From the march, I headed to USC for my third LA Times Festival of Books. I wandered through the booths for a bit. I glimpsed Yumi Sakugawa at the Skylight Books booth and witnessed the eerie sight of red-clad, white-bonneted handmaids walking in pairs about campus. There had been a WriteGirl workshop at the festival earlier in the day (I finally started volunteering with them!), but I couldn’t make it because of the March for Science. I stopped by the stage where the girls were reading in the afternoon, though, and listened to some of their pieces. Then I made my way to the Big 5’s children’s book booths, and at the Penguin Young Readers booth I noticed that Julie Berry was signing. I had read The Passion of Dolssa recently and also enjoyed All the Truth That’s in Me, so when she had a free moment, I went up to talk to her. I told her I was a fellow Viking Children’s Books author, and then we chatted about grad school and Provençal.

After meeting Julie Berry, I met up with Isabelle at the Small World Books booth by the Poetry Stage, where she was about to get some poetry collections signed by Hélène Cardona. After that, we explored the festival a little more before heading to the first of the two panels I’d picked out for the afternoon. This one was a YA panel entitled Faith, Hope, and Charity: Strong Girls in Crisis, which struck me as a little dramatic, but okay. The panelists were Julie Berry, Sonya Sones (who…turns out to be someone I think I’ve contra danced with in Los Angeles–no wonder she looked so familiar!), and the person I’d been most eager to see, because I loved Cuckoo Song and The Lie Tree: Frances Hardinge. The moderator was Jonathan Hunt of SLJ’s Heavy Medal blog fame. The authors talked about the inspiration for their latest novels, mixing genres, and whether/why their protagonists are girls. Julie Berry said that since she has four sons she gets asked why she doesn’t write about boys, and she said, “I’m a girl! It’s like what you are doesn’t matter once you’ve reproduced!” Which elicited much laughter, but there’s something dismal underlying that if you think about it.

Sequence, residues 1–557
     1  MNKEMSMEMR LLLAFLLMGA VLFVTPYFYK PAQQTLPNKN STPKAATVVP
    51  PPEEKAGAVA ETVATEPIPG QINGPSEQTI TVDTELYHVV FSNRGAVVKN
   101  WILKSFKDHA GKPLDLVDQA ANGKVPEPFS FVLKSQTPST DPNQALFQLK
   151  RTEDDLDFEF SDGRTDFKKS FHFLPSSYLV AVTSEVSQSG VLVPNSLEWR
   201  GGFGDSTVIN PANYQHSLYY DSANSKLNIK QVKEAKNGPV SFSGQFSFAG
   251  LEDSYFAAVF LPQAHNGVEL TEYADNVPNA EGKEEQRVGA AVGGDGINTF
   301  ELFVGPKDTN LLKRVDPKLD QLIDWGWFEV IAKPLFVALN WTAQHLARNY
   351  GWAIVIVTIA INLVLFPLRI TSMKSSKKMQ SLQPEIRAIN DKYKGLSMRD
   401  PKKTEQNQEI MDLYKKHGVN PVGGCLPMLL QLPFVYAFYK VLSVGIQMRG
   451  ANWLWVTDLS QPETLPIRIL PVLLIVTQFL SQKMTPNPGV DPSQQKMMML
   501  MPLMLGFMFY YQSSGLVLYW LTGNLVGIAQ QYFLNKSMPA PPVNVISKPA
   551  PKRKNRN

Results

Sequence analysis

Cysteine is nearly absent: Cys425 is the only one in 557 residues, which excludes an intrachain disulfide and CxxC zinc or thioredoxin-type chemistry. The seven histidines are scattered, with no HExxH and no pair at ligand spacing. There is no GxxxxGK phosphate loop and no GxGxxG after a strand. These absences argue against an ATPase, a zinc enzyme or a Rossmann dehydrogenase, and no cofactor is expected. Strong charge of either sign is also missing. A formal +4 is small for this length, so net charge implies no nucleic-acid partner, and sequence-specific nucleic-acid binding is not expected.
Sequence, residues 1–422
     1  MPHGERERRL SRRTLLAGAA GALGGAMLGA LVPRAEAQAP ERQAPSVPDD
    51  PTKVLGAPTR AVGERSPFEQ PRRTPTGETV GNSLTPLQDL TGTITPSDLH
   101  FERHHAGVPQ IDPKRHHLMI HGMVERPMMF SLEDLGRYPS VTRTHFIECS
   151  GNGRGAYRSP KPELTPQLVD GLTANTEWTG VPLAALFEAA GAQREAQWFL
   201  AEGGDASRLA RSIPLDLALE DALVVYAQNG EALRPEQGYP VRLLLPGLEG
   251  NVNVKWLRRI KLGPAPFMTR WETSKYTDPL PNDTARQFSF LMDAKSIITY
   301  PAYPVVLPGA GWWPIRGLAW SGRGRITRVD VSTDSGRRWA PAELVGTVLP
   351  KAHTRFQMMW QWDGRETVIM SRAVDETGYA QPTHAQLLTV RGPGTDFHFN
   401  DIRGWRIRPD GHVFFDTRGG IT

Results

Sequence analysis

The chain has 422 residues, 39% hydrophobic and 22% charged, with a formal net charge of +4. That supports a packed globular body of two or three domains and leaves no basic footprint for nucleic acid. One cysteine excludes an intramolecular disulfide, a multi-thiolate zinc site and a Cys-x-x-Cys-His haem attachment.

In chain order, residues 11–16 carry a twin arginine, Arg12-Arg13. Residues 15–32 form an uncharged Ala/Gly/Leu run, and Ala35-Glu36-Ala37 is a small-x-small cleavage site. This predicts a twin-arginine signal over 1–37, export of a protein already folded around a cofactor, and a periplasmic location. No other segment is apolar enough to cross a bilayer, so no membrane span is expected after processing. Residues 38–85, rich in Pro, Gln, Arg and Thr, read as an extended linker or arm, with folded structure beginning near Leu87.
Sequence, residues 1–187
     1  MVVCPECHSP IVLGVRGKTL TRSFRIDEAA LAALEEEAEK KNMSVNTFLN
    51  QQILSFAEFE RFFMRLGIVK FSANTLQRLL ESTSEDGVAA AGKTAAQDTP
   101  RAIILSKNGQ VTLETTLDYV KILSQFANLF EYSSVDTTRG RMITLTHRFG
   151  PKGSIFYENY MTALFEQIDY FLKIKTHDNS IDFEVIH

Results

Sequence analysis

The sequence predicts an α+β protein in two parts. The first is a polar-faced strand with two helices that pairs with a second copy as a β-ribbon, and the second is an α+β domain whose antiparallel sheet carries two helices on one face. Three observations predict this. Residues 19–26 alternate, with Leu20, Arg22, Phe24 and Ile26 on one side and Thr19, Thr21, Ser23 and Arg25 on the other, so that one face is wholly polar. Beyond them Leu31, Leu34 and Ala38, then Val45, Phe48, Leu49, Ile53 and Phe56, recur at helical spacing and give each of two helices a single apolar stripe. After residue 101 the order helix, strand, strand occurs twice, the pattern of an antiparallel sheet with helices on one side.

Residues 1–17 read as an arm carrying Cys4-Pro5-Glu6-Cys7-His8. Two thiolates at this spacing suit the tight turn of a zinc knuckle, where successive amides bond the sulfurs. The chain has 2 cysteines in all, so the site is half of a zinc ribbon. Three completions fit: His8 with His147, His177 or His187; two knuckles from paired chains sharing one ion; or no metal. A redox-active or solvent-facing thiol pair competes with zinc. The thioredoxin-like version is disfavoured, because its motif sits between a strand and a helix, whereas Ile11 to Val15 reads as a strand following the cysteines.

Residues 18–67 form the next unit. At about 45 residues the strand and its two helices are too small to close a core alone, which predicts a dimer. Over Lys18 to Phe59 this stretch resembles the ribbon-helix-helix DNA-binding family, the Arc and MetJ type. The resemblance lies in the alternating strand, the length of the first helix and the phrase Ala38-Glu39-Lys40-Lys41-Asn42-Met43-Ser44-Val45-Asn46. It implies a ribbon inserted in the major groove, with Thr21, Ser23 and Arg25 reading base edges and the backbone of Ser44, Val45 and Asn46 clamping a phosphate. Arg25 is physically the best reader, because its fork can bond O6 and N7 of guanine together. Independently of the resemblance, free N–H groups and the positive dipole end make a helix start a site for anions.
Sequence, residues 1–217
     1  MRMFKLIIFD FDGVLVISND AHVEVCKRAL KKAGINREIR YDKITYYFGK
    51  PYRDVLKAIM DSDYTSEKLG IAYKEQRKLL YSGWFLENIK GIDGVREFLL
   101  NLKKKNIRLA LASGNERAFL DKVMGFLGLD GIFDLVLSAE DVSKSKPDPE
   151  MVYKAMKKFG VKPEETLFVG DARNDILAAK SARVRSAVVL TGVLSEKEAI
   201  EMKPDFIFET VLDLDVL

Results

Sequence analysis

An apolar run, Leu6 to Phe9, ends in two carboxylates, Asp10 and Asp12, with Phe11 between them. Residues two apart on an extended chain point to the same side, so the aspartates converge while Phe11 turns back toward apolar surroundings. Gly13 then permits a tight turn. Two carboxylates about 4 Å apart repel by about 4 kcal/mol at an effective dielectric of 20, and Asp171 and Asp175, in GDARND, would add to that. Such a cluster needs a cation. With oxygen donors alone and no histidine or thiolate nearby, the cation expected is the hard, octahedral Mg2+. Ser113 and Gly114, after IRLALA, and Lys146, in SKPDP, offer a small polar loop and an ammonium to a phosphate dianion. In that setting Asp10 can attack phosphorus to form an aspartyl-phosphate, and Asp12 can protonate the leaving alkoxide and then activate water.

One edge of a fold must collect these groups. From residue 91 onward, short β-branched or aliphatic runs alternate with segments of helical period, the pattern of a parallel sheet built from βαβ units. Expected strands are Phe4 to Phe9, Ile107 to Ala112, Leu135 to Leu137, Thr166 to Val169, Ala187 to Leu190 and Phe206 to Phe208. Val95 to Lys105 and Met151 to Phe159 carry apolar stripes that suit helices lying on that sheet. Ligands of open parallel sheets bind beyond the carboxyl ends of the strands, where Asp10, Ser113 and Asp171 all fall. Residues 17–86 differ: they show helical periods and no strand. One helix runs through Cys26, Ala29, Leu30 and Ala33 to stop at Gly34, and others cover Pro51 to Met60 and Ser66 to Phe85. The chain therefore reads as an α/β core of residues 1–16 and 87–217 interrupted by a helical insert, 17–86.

Next we went to the other panel I’d picked out: the hapa panel! I’d been excited for it because Kip Fulbeck–author of Part Asian, 100% Hapa and creator of the Hapa Project–was on it (the other two panelists were USC professors). He was indeed the highlight of the panel for me. I enjoyed his self-deprecating manner and his sort of “you do you” attitude. He’s not interested in policing hapa identity, and he told one young hapa woman in the audience that one doesn’t have to spend every minute of one’s life fighting. Taking care of oneself is important too.

On Sunday, I participated in Jouyssance’s fourth annual early music singalong. Jouyssance is a local early music ensemble whose concerts I’ve occasionally attended. I know one of the singers because she used to sing in our Georgian chorus. Anyway, I printed the scores to the nine songs on the singalong program a week in advance and made myself a Youtube playlist to sing along to. I can sightread vocal music to an extent, but I had a feeling I would be in over my head if I didn’t prepare a bit. My favorites were Orlando Gibbons’ “The Silver Swan,” Claudin de Sermisy’s “Tant que vivray,” Thomas Morley’s “April is in my mistress’s face,” and Heinrich Isaac’s “Innsbruck, ich muss dich lassen.” There was also Josquin des Prez’s “El Grillo,” which I find annoying.

I arrived in the sanctuary of St. Bede’s Episcopal Church on Sunday afternoon, clutching my scores. A few singers from Jouyssance were there, but most of the participants weren’t in the ensemble. Everybody seemed to be a relatively experienced choral singer, though. The Jouyssance director complimented us on our reading of the first song and said she hoped we were all singing in choirs. The pace was relatively swift, and there wasn’t any hand holding, but everybody could handle it, and it was fun. Plus we weren’t exactly striving for perfection or speedy tempi.

My row of the alto section included our former Georgian chorister, a woman I know from shape note singing, and a French woman whom we told about shape note singing and who later told me she’d just started alto recorder. She showed me some of her music: “Pastime with good company”! “Belle, qui tiens ma vie”!

We didn’t do the Gibbons or the de Sermisy, to my chagrin. No French and too much Italian! I learned that Orlando di Lasso’s “Matona, mia cara” is not only quite vulgar but is also largely ungrammatical. After working on six of the nine songs for an hour and a half, we took a break for some treats and then sang everything in an informal “concert,” which Isabelle came to. (This concert was so informal that we occasionally started songs over again after a rocky start.) It was a lot of fun, and I hope I get to do it again next year!